Students wishing to apply for a PhD in Materials Science, should investigate opportunities on the Department website. We encourage students to make contact with potential supervisors prior to applying. 

More Information

The MPhil in Micro- and Nanotechnology Enterprise is an exciting opportunity in which world-leading scientists and successful entrepreneurs are brought together to deliver a one-year master’s degree combining an in-depth multidisciplinary scientific programme with a global perspective on the commercial opportunities and business practice necessary for the successful exploitation in the rapidly developing fields of nanotechnology and micro-electromechanical systems (MEMS).

The programme is intended for those with a good first degree in the physical sciences and engineering, who wish to develop research skills and a commercial awareness of the cutting-edge disciplines of micro- and nanotechnology. The course will provide an unparalleled educational experience for entrepreneurs in these fields.

More Information

4 courses also advertised in the Department of Materials Science and Metallurgy

From the Department of Physics

The development of new materials lies at the heart of many of the technological challenges we currently face, for example creating advanced materials for energy generation. Computational modelling plays an increasingly important role in the understanding, development and optimisation of new materials.

This four-year doctoral training programme on computational methods for material modelling aims to train scientists not only in the use of existing modelling methods but also in the underlying computational and mathematical techniques. This will allow students to develop and enhance existing methods, for instance by introducing new capabilities and functionalities, and also to create innovative new software tools for materials modelling in industrial and academic research.

The first year of the doctoral training programme is provided by the existing MPhil course in Scientific Computing, which has a research and a taught element, as well as additional training elements. The final three years consist of a PhD research project, with a student-led choice of projects from a large pool contributed by researchers associated with the CDT.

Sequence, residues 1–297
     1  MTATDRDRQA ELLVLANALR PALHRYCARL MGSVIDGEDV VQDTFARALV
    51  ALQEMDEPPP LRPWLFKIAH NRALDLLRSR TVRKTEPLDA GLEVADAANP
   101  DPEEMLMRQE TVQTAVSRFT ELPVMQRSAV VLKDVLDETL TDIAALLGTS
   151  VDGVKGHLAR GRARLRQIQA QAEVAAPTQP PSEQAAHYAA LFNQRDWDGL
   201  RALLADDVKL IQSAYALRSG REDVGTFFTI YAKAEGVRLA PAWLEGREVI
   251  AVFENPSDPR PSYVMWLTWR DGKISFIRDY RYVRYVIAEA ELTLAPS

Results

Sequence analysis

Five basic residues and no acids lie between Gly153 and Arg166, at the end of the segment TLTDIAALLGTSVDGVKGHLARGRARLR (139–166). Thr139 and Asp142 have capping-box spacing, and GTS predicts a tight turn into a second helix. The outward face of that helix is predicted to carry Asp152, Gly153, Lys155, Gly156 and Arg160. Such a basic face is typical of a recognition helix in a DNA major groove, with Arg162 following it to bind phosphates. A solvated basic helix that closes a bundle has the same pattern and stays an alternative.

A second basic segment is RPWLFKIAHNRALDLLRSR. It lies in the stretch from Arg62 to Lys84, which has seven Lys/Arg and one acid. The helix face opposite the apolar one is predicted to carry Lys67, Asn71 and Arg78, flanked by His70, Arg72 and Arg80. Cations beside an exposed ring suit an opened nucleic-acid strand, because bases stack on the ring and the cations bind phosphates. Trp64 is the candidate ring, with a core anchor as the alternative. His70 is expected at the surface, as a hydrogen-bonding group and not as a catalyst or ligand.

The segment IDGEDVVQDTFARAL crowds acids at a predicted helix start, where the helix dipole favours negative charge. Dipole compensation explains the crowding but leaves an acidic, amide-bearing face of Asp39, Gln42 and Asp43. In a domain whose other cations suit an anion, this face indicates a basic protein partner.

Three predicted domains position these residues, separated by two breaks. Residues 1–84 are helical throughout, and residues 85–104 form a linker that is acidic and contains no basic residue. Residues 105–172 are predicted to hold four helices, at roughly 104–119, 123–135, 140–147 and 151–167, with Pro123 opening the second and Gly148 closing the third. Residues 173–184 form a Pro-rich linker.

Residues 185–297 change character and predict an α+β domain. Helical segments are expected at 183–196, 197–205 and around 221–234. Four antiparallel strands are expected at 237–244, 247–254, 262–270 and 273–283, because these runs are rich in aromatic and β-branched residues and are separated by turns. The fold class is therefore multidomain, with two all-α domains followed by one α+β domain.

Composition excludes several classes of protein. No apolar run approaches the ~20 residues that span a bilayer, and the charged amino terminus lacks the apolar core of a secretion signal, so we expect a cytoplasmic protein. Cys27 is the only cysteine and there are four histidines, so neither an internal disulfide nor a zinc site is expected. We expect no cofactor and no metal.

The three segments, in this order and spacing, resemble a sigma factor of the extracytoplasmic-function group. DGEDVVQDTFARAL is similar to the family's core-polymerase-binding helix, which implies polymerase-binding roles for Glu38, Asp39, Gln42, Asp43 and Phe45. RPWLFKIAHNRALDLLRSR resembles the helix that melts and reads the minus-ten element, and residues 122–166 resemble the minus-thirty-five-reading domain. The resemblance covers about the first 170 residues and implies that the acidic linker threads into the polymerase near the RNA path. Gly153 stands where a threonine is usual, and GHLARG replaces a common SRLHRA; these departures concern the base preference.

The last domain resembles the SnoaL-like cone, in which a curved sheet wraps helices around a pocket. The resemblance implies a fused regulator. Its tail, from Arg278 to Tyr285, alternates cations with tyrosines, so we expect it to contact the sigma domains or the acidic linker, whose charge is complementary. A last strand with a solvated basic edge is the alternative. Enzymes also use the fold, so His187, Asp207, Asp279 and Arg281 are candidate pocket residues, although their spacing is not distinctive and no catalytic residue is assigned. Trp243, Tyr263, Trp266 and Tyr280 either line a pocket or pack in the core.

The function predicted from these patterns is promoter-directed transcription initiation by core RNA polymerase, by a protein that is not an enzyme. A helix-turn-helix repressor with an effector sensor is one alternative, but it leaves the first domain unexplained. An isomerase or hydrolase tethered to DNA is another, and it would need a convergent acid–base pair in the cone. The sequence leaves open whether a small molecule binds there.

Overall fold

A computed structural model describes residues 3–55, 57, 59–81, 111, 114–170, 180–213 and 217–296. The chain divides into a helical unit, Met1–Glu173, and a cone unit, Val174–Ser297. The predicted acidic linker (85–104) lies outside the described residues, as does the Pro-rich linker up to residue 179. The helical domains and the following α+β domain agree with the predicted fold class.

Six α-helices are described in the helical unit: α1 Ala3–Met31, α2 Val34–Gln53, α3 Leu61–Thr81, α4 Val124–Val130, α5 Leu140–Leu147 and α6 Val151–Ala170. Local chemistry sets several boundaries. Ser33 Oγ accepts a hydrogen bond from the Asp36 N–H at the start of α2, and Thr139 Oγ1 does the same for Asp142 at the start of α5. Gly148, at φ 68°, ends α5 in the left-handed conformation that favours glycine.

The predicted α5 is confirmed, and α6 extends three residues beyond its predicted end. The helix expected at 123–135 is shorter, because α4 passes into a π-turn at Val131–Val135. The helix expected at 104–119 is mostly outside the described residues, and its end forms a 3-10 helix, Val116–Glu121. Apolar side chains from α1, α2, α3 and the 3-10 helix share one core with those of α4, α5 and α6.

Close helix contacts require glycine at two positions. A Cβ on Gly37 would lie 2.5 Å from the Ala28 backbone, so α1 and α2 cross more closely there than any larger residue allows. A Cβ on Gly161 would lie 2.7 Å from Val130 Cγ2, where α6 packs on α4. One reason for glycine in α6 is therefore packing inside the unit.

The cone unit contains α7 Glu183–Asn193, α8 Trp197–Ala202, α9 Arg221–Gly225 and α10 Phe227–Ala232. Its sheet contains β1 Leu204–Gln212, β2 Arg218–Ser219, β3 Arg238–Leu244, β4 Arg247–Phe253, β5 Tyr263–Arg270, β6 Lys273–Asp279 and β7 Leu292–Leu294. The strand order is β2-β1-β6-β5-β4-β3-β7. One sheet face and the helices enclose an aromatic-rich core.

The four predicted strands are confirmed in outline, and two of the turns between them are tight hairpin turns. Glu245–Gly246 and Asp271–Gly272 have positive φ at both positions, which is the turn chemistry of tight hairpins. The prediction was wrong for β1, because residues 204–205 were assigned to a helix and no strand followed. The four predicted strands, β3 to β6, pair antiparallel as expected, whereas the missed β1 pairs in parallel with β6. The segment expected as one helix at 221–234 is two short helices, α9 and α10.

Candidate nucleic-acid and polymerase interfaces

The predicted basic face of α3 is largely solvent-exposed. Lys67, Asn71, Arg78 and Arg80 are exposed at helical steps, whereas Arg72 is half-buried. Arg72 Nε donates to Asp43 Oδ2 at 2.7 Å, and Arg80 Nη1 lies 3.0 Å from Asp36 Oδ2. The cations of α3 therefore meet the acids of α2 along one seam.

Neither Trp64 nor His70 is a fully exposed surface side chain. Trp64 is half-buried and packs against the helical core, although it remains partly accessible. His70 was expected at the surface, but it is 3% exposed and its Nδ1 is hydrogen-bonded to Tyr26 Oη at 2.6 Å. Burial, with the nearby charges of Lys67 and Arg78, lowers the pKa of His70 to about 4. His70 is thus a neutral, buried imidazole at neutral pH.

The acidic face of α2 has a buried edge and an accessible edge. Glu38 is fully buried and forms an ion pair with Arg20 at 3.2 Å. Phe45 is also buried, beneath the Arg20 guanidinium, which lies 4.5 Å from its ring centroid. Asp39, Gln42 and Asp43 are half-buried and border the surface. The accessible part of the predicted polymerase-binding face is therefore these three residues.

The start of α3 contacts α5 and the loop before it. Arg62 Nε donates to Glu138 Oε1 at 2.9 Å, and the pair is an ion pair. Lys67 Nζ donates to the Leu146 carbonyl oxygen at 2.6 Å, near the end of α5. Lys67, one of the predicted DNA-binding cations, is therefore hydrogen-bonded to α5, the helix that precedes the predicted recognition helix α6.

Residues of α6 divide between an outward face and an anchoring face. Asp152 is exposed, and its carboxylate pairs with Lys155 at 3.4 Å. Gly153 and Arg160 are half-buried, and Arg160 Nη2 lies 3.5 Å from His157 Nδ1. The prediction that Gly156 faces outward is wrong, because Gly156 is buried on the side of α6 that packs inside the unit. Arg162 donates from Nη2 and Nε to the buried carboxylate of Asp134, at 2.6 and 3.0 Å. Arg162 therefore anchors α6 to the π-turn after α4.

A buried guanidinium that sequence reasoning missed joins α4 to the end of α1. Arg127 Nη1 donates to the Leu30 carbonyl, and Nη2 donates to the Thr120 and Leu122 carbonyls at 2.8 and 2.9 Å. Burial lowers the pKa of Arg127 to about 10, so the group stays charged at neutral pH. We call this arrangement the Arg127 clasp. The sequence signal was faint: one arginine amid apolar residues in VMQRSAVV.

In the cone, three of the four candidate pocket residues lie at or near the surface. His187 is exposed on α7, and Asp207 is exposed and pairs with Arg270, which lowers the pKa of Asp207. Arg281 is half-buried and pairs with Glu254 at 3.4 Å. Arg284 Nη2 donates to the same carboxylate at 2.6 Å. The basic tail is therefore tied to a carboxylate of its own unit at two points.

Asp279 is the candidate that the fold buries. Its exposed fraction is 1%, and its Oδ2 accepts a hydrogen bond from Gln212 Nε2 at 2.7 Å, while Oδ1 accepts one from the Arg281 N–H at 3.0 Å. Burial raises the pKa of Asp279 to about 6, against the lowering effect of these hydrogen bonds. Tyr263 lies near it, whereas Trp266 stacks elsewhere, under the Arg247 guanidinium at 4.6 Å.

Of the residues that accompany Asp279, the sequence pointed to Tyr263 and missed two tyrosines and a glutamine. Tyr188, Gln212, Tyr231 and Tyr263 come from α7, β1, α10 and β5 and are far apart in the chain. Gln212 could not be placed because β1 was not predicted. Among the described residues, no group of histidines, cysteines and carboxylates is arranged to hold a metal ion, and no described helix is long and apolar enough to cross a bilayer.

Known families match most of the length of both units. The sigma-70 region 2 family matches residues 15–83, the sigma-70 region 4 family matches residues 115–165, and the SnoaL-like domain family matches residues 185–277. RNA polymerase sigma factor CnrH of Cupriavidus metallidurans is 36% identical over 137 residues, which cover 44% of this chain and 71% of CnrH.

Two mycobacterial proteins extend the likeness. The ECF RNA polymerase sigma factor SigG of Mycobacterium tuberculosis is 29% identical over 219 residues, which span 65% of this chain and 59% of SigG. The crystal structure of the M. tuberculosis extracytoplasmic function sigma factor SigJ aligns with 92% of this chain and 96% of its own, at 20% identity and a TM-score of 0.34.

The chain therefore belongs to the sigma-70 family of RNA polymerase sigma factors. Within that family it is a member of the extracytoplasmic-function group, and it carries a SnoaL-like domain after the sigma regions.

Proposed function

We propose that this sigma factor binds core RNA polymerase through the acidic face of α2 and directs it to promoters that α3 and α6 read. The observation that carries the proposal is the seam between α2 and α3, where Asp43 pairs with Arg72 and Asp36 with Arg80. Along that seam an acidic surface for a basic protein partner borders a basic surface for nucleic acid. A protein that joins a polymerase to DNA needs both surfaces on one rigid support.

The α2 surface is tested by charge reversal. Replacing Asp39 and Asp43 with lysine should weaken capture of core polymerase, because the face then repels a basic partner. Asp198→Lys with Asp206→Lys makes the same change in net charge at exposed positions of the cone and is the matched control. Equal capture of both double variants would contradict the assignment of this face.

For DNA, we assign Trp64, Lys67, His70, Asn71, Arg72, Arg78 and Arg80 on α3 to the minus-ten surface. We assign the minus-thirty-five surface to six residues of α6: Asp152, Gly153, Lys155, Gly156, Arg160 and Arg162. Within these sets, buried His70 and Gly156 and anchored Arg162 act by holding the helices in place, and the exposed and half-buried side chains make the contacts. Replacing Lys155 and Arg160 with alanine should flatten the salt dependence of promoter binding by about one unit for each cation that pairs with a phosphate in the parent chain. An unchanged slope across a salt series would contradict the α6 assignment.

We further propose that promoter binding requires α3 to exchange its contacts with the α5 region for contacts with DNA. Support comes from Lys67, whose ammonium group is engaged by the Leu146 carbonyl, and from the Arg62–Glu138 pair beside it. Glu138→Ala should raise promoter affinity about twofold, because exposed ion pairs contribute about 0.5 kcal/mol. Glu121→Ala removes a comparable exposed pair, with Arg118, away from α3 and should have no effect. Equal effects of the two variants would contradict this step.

More Information

From the Department of Physics

The PhD programme is based on courses, practicals and projects in year one before selection of an interdisciplinary PhD topic for research in years two through four in a Nano group within Physics, Chemistry, Engineering, Materials or another department. A significant element will be a course on "nurturing and managing innovation", delivered through the Maxwell Centre which is the hub of industry–academia interactions in physical sciences in Cambridge.

More Information

From the Department of Earth Sciences

This four-year doctoral training programme in Nuclear Energy is part of the multi-institutional EPSRC Nuclear Energy Futures CDT and aims to provide scientists and engineers with a broad overview of the nuclear energy sector in addition to in-depth training in a detailed area of civil nuclear energy.

The research project begins in the first year, but in this initial year of the four-year doctoral training programme there are taught elements and required training visits to nuclear facilities in the UK and overseas in addition to research activity related to the student’s chosen research project.

Based on their performance during the first-year training and subject to the outcome of continuation examinations, students will progress to full PhD registration within one year of starting the course.

More Information

From the Department of Physics

The MPhil programme in Scientific Computing is based in the Department of Physics and is a full-time 12-month course which aims to provide education of the highest quality at master’s level. Covering topics of high-performance scientific computing and advanced numerical methods and techniques, it produces graduates with rigorous research and analytical skills, who are well equipped to proceed to doctoral research or directly into employment in industry, the professions, and public service. It also provides training for the academic researchers and teachers of the future, encouraging the pursuit of research in computational methods for science and technology disciplines, thus being an important gateway for entering PhD programmes containing a substantial component of computational modelling.

More Information

Department Members


Professor P A Midgley
Head of Department

  • 35 Academic Staff
  • 50 Postdoctoral Researchers
  • 130 Graduate Students
  • 270 Undergraduates

http://www.msm.cam.ac.uk/

Research Areas